The Duke experiment is an example of a synthetic gene circuit, where researchers load new “programming” into bacteria to make them perform new functions. Such re-programmed bacteria could see a wide variety of applications in medicine, environmental cleanup and biocomputing. In this particular Duke study, researchers rewrote the software of the common bacteria Escherichia coli (E. coli.) to form a mutually dependent living circuit of predator and prey.

Click here for the full article.

VIDEO: Extremely Rare Lion Baby Born

April 9, 2008

I can’t embed it, but I CAN give you the link: Click Here!

Lions fall victim to land fight at Hemingway’s treasured reserve

March 16, 2008

Three lions have been speared to death by Masai tribesmen in a dispute over grazing rights on the edge of the world-famous Amboseli game reserve in Kenya in a further blow to a tourist industry reeling from weeks of bloody post-election chaos.

The incident has once again thrown the spotlight on to the uneasy relationship between impoverished local people and wildlife that is considered an essential magnet for attracting wealthy Western tourists to Africa.

The deaths of the animals, which once roamed the East African plains at will, take the total number of lions killed in the reserve lying at the foot of Mount Kilimanjaro in the past eight months to ten.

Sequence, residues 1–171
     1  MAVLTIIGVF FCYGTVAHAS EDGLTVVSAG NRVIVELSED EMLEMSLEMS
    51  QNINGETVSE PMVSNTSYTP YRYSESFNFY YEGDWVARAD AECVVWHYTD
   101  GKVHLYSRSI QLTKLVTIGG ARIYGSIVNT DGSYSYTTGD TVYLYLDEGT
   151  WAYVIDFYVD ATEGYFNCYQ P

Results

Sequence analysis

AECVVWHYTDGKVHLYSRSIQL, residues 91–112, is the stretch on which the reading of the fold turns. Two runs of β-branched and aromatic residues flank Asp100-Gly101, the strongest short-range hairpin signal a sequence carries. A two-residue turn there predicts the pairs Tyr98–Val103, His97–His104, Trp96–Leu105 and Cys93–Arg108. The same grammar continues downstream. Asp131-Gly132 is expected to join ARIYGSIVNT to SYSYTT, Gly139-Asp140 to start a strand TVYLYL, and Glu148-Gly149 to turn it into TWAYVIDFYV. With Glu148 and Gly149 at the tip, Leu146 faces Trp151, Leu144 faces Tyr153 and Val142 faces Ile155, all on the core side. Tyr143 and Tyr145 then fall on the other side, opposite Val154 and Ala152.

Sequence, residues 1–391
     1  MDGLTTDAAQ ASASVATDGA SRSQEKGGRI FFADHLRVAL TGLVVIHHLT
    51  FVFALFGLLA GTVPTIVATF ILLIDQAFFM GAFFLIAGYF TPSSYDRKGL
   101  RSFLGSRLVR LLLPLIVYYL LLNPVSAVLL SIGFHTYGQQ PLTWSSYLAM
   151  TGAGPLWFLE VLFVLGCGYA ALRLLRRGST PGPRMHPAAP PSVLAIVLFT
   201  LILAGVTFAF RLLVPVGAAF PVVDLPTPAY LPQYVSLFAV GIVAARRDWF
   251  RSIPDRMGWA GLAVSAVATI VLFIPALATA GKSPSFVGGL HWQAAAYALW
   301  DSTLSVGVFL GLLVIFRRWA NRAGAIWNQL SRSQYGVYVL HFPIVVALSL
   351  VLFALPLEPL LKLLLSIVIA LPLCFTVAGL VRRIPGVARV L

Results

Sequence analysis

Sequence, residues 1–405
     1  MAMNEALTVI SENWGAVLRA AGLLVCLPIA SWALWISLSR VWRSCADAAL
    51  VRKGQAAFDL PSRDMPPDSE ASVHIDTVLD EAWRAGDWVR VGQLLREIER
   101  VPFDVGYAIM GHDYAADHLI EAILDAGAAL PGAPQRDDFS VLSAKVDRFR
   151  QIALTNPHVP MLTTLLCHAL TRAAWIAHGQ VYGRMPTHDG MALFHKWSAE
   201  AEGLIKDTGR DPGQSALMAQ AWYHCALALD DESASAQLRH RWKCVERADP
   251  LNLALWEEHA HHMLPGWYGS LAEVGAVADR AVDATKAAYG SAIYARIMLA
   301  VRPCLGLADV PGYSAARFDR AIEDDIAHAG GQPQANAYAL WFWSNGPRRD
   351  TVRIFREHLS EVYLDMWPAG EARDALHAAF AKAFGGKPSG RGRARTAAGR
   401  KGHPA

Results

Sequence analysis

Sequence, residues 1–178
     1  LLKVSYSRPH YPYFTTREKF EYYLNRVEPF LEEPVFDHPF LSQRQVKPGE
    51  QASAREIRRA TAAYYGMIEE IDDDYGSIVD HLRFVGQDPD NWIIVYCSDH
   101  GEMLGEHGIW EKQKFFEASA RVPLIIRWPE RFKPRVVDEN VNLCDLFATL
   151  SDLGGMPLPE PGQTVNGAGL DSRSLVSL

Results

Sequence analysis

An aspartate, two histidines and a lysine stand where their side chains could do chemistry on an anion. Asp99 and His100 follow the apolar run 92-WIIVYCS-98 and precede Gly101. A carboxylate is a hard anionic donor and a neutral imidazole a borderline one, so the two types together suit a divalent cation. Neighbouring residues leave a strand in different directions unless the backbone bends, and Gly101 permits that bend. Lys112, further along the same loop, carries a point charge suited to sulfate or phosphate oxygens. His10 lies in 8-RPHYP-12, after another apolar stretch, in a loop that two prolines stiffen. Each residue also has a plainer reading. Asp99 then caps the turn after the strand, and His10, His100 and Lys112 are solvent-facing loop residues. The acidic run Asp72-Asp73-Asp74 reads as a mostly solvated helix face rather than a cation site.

Click here for the full article.

Tourist tangles with killer lion

March 9, 2008

The big cat pounced on Kate Drew from behind and dragged her to the ground, sinking its teeth into the back of her neck.

As wardens on a Zimbabwe game reserve rushed to help, the 180kg lion kept the 28-year-old tourist firmly in its grip.

But, mercifully, its powerful jaws just missed her brain stem. Seconds later, she was rescued, dripping with blood.

The bite wounds on her head left her needing 13 stitches.

Click here for the full article.

For more animal-esque music, news, and issues, tune in to Kitty Mowmow’s Animal Expo online at, Sunday nights 8-10 central.

Animal rights in China: A small voice calling

February 28, 2008